Our parasha, Ki Tavo, is rich with things to exegete. Blessings and curses, sins committed in secret, the "My father was a fugitive Aramean..." recitation of the first fruits ceremony and tithes, the conclusion of the covenanting in Moab. The blessings and curses alone could occupy one for an entire lifetime of consideration. I commend it all to you.
What struck me this week as I was reading the parasha was the instructions for erecting stones on Mt. Ebal on which the text of the Torah were to be inscribed, and the building of an altar. As first instructed on Ex. 20:22, the Israelites are told that iron tools are not to be used in constructing the altar-the altar is to be built of natural, whole stones.
At first, it may seem an odd choice. Surely G"d's altar should be a magnificent structure, finely constructed, polished and ornamented. After all, we are taught that our sacrifices must be taken from the best, the finest of our flocks, our harvest, etc. We take our cream of the crop and offer it up to G"d. Yet we offer it up upon a crude altar.
Why this odd juxtaposition? Does the crudeness of the altar signify the necessarily crude and cruel act of killing an animal? Does it signify the raw, natural state of the act of sacrifice? Does it, as Martin Buber suggests, teach us that G"d prefers the natural prayers of the heart to the more formal, structured prayer?
Though I do tend to favor Buber's understanding, I cannot be certain it is the true understanding of the meaning of building the altar of uncut stones. Nevertheless, I do find myself wondering what our modern equivalent to honor this commandment might be. Are our altars made roughly? Hardly. Most of our synagogues are ornate, polished, finely detailed and built structures, with bimahs to match. The words of the Torah, instead of being etched or written on plaster atop large stones, and painstakingly and ornately scribed onto parchment. We cover our Torahs with beautiful adornments.
Perhaps it is this very ornate and structured environment that causes us to be less than forthcoming with our very deepest prayers, and prayers that are the equivalent of the sacrifices of our finest animals, fruits, etc. Where, in our Jewish tradition, is the earthy manger of the Christian tradition? Do we purposefully and deliberately distance ourselves from the earthiness of a crude altar upon which blood is spattered, and animals and other items are burnt as sacrifices.Perhaps we need to recreate this very natural and crude state in our own sanctuaries.Perhaps our bimahs should be rustic.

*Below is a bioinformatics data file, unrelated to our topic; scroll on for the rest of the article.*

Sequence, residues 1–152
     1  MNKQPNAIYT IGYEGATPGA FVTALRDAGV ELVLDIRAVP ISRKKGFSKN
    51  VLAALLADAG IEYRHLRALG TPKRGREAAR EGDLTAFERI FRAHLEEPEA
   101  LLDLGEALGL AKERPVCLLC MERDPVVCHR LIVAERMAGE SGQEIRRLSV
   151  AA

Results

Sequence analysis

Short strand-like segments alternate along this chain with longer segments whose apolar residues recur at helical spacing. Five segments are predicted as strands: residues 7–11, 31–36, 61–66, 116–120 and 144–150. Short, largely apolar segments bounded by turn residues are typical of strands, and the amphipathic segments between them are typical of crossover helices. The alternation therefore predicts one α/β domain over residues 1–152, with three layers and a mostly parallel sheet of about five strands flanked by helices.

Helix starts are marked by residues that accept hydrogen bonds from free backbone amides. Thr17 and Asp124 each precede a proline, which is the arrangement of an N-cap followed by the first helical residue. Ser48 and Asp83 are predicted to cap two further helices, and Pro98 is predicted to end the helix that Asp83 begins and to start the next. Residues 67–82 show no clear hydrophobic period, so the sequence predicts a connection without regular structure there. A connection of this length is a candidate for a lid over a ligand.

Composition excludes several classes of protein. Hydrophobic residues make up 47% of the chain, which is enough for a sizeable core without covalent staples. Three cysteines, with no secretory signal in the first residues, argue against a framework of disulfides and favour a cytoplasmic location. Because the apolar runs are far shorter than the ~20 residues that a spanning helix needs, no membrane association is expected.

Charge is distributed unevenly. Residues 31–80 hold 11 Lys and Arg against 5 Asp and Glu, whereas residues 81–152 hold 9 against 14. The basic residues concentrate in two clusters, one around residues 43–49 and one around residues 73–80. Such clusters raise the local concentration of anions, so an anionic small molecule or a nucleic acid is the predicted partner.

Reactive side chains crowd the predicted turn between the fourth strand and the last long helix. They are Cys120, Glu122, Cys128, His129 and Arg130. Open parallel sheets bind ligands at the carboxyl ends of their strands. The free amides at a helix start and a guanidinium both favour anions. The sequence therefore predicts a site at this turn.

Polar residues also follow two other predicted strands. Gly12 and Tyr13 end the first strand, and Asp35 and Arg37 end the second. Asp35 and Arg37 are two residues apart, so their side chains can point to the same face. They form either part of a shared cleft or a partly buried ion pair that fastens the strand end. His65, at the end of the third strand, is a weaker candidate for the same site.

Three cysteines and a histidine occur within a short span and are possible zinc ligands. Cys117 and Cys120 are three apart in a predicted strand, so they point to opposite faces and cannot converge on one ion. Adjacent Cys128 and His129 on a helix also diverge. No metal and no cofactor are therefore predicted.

Perhaps we should have less comfortable chairs in our synagogues - maybe we should sit on natural stones, or tree stumps. Maybe the floors should be of natural stones? That might get us a little closer to the idea.
I guess it all depends on what we determine is our "altar." If our prayers, our words, are the substitutes for the sacrifices, upon what natural altar shall we offer them up?
Perhaps we, ourselves, are the altar. So perhaps we need to be what is "natural." (Maybe we should pray int he nude?)
A look back at the Hebrew yields what might be a clue. What we translate as natural, uncut, or un-hewn stone are the words "avanim sh'leimot," literally, "whole stones" (or "complete stones.") Does this teach us that when we are not whole, when we are not complete, that we are unfit altars upon which to offer the sacrifices of our lips? Yet so many of us are not whole, not complete, and it is for this very wholeness or completeness for which we pray. So I come back to the translation "natural." Perhaps it just means that we need to just be who we are, in order to be the proper altar upon which to offer the sacrifices of our lips. We must be an uncut stone. No frippery or finery. No suits or ties. Just the clothes we would normally wear, the attitudes and mannerisms we might normally have.
All the finest trappings won't make our prayers better. Being ourselves is what makes us fit altars.
When you pray, be an uncut, whole, natural stone. Be yourself.
©2007 by Adrian A. Durlester
Some other musings on this parasha
Ki Tavo 5764-Al Kol Eileh
(in memory of Naomi Shemer, z"l)
Ki Tavo 5763--Still Getting Away With It?
Ki Tavo 5760--Catalog of Calamities
Ki Tavo 5761--Rise & Shine
Ki Tavo 5762--Al Kol Eileh
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